February 5, 2011 at 9:02 pm |
  14. LarryO

    Welcome to America folks. That's the beauty of business here and is why so many folks from different countries bring their business here...because they know they can do business and not get shut down because of their religious preferences and they can feel free to support the religious affiliations of their choice. Don't like it...move to a communist country where all these decisions get made for you.

    February 5, 2011 at 9:01 pm |
  15. Katherine

    The restaurant has the right to donate to whom the feel appropriate. Thank heavens we live in America where we have those rights. I respect the gay community but it doesn't mean I have to believe everything they do. I don't have to support gay marriage to be an american. I'm a little tired of the gay community making me feel like another Hitler if I don't love every aspect of every one else's life. Again, I have total respect for people who believe differently than I do and I feel we should all enjoy equal civil rights but that doesn't mean we all have to believe the same! We should love the fact that we are different and appreciate the freedom of religion we have in this country. I would welcome a gay neighbor, friend, coworker etc. but don't tell me who I have to support and who I have to shun. This is America and I can decide for myself. I also have the right to call myself a Christian if I believe in Christ, and I do. I say this in reference to the "Mormon" bashing. Why should we be "bashing" anyone? It seems that we live in a free country but when people choose to use that freedom other people object. To me the highest form of freedom is not to all just believe the same but to believe differently and still hold respect in our hearts for one another. The restaurant should be able to donate to whom they want and the gay community can choose not to eat there. Thank our founding fathers that we live in a free country.

    February 5, 2011 at 9:00 pm |
  16. Paul


    Don't YOU DARE pray on your death bead! Actaully I subscribe to the Blood Sweat and Tears theory "I swear there aint no heaven and I pray there aint no hell"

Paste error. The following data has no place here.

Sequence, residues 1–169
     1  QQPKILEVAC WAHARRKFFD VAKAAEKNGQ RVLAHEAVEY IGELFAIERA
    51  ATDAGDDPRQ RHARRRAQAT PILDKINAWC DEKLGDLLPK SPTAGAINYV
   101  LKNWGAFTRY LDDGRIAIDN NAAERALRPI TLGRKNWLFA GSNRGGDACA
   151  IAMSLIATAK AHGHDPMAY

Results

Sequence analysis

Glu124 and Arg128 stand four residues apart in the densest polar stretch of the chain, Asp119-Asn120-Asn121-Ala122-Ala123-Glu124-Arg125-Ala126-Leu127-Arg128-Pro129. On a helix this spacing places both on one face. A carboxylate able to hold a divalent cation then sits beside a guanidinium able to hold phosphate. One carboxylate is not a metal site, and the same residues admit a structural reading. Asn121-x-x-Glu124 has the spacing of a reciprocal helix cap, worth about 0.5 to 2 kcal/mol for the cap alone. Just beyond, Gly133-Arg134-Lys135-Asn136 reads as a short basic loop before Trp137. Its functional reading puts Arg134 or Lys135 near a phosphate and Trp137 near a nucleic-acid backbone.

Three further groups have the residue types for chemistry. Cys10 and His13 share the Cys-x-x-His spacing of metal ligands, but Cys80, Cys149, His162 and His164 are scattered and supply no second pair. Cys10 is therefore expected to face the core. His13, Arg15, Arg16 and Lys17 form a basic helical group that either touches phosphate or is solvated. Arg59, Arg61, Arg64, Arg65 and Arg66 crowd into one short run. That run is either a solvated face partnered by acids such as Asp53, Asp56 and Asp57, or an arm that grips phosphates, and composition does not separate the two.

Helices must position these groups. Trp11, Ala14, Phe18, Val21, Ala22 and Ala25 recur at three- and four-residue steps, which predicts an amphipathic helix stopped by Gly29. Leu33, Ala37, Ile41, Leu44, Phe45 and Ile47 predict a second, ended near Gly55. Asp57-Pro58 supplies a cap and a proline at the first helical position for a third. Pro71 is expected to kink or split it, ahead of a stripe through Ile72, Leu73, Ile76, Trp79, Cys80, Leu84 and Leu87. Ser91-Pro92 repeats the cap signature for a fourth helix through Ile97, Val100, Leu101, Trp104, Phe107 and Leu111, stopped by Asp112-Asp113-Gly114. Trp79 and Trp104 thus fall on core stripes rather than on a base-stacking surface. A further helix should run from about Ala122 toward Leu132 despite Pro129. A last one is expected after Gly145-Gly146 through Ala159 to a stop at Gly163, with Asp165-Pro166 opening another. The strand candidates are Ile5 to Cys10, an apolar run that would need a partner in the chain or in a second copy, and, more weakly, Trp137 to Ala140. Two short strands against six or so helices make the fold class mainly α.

February 5, 2011 at 9:00 pm |
  17. bubbles

    @norm - Thank you 🙂 You are an inspiration

    February 5, 2011 at 8:59 pm |
  18. hello

    This is so stupid. people get mad at chick fil a for giving FREE food to an organization. ok one, every expects people to tolerate gay marriage etc..which is fine. but if you expect people to respect you, then shouldnt you respect others who have a different opinion as well??? the truth is, not everyone thinks gay marriage is right. and if gay people want to be respected, then shouldnt they respect others as well?

    February 5, 2011 at 8:59 pm |
  19. mypoliticallyincorrectblog

    Defend your rights – this is America!

    Mypoliticallyincorrectblog dot wordpress dot com

    February 5, 2011 at 8:58 pm |
  20. Adam

    Dear CNN, Please get your story straight before writing these ridiculous articles. I read about this incident a few days ago on World Net Daily. Chic-fil-a did not donate any food to any conference with any anti-gay agenda. What happened was a franchisee in Pennsylvania provided free food for a Christian meeting encouraging Christian couples to strengthen their marriages. Then some radical group of gay activists fussed, whined, and complained to officials at Indiana University South Bend. As a result, the university temporarily suspended the operation of a Chic-fil-a on campus. The suspension was lifted a few days after it was imposed. Way to bash a successful business merely because it is distinctly Christian. However, what should I expect from a network that constantly demonizes Christians. Way to go CNN!

    February 5, 2011 at 8:58 pm |
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About this blog

The CNN Belief Blog covers the faith angles of the day's biggest stories, from breaking news to politics to entertainment, fostering a global conversation about the role of religion and belief in readers' lives. It's edited by CNN's Daniel Burke with contributions from Eric Marrapodi and CNN's worldwide news gathering team.